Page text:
LAKE OKEECHOBEE – Is the dry season over?
After weeks of gradual recession during the dry season, Lake Okeechobee’s level went up last week thanks to heavy rainfall in the Lake Okeechobee watershed.
It’s too soon to tell what may happen in the month of May, according to Col. Andrew Kelly, commander of the U.S. Army Corps of Engineers Jacksonville District.
The Big O was 14.25 feet above sea level on April 22.
The switch from recession to rising water levels is the reason the corps will increase releases from the Lake to the Caloosahatchee River from 1,000 cubic feet per second to 2,000 cfs starting Saturday, April 24.
The Caloosahatchee River needs some freshwater flow from the lake in the dry season. Flows below 450 cfs are deemed harmful because the salinity levels rise too high. Flows above 2,800 cfs are considered harmful because the salinity levels drop too low.
Rainfall in the Caloosahatchee basin could result in higher releases than the 2,000 cfs target to the Caloosahatchee River, due to local basin runoff. The Franklin Lock is 43.4 miles from the Moore Haven Lock, where water from the lake enters the river. If there is enough basin runoff for flow to meet the target flow at the Franklin Lock, no lake water is released at Moore Haven.
For example, for daily average for April 21, there was no flow from the lake at Moore Haven, but flow at the Franklin Lock was 1,911 cfs -- all from local basin runoff. For the seven day period ending April 22, the average flow from the lake at Moore Haven was 683 cfs and the flow at the Franklin Lock was 1,132 cfs.
No water will be released at Port Mayaca to the St. Lucie Canal.
“We were seeing a recession week of close to a foot per month,” Kelly explained. Rainfall over the past two weeks has stopped the recession and caused the lake level to creep upward.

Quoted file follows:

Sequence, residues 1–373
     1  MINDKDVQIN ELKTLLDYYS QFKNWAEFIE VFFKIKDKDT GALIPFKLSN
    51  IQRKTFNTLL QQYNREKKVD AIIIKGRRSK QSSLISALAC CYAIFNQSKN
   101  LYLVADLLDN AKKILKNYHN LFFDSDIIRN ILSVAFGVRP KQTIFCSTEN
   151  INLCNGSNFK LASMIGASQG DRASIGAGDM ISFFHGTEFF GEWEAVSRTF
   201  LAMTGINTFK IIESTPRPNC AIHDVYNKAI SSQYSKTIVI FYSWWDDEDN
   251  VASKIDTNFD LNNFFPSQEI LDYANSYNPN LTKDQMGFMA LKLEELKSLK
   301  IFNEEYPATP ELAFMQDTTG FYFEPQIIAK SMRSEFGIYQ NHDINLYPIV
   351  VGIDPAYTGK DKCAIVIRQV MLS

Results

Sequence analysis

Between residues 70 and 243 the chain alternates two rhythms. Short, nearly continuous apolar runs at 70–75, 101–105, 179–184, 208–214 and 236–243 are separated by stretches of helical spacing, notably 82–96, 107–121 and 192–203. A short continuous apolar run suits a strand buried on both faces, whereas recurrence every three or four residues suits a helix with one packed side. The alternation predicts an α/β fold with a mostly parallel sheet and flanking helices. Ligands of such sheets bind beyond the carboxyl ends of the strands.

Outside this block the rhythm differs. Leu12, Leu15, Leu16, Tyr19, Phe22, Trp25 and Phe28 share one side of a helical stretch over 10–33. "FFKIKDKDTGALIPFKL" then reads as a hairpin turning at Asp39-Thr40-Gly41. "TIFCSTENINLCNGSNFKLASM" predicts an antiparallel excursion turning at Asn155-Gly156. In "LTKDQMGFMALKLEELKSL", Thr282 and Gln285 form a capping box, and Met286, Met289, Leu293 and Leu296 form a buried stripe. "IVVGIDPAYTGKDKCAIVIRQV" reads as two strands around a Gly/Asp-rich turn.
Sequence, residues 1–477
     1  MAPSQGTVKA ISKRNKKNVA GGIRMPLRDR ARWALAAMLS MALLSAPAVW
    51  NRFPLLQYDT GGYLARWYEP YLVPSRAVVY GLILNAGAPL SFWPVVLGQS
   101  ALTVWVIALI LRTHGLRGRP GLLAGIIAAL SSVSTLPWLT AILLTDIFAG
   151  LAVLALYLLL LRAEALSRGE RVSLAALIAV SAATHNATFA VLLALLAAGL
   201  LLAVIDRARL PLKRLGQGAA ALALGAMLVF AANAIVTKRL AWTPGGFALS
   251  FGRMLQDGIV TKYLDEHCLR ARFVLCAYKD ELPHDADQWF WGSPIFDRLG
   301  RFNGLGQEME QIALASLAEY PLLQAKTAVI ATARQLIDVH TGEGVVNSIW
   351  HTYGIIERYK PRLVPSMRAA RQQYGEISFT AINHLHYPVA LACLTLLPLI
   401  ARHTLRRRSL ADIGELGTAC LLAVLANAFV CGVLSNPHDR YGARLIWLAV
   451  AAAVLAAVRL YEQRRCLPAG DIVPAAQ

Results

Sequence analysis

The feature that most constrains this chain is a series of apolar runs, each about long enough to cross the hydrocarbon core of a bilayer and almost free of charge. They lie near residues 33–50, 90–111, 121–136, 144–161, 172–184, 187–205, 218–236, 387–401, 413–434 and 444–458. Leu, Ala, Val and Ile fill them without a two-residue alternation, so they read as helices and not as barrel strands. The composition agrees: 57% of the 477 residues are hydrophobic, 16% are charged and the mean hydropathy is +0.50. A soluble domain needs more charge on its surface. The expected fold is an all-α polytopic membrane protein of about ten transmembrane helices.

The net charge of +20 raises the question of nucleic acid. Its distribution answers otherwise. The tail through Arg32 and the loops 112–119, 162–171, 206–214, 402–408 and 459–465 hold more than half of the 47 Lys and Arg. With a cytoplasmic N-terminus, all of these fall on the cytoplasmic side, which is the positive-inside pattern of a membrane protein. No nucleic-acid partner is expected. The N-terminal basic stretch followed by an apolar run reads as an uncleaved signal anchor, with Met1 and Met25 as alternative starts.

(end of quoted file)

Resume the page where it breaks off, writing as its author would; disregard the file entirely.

The lake is 2.8 feet higher than it was this time last year, he said.
“May is one of the toughest months in terms of prediction,” Kelly continued. Historically, some years the rainy season has started in May. “It is not unlikely we may have seen the lowest point on the lake this year.
“May is a huge wild card.
“We have to anticipate altering operations,” said the colonel. He will hold weekly media briefings starting next week.
Even with the rise in the lake, the corps is still using operational flexibility to balance the needs of the whole system. Under current conditions, the Lake Okeechobee Operation Schedule (LORS) calls for releases 3,000 cfs to the Caloosahatchee and 1,170 cfs to the St. Lucie. “We’re increasing flow to the Caloosahatchee to 2,000 cfs and holding zero to the St. Lucie,” said Kelly.
“We are hoping for greater recession rates,” he explained.
“We remain focused on the lake level, and the lake level is certainly higher than we would like it to be,” Kelly said. “We would definitely like to see the lake lower than 14 feet by the time the hurricane season starts in earnest.
“Hopefully Mother Nature supports that effort,” he said.
“If the lake is higher than we want it to be, that will put us in a position where we need to do lake releases earlier in the season,” Kelly continued.
“I anticipate, depending on where the lake ends up when the rainy season kicks into full gear, releases earlier in the season than we did last year,” Kelly said.
Meanwhile, the corps is increasing flow south as much as possible.
They are also monitoring potential algal blooms. Florida Department of Environmental Protection (FDEP) will increase monitoring of the lake for algae as they did last summer.
Kelly said they have seen a few small pockets of algae in places where the water is still such as the water control structure at Port Mayaca. Microcystis aeruginosa was the dominant cynaobacteria in the sample taken April 19. The microcystin toxin level in the sample was 120 micrograms per liter. The World Health Organization considers levels above 8 micrograms per liter to unsafe for human recreational contact (swimming).
“When we look at the lake holistically, it still does not look like there is any significant lake coverage,” said Kelly. The satellite imagery from the National Oceanic and Atmospheric Administration (NOAA) is still looking good, he continued.
“Florida Department of Health has initiated some signage identifying algae risks in some areas,” he said.
Pockets of algae and/or cyanobacteria (sometimes called blue green algae) are normal for this time of year, he said. “We are paying close attention.”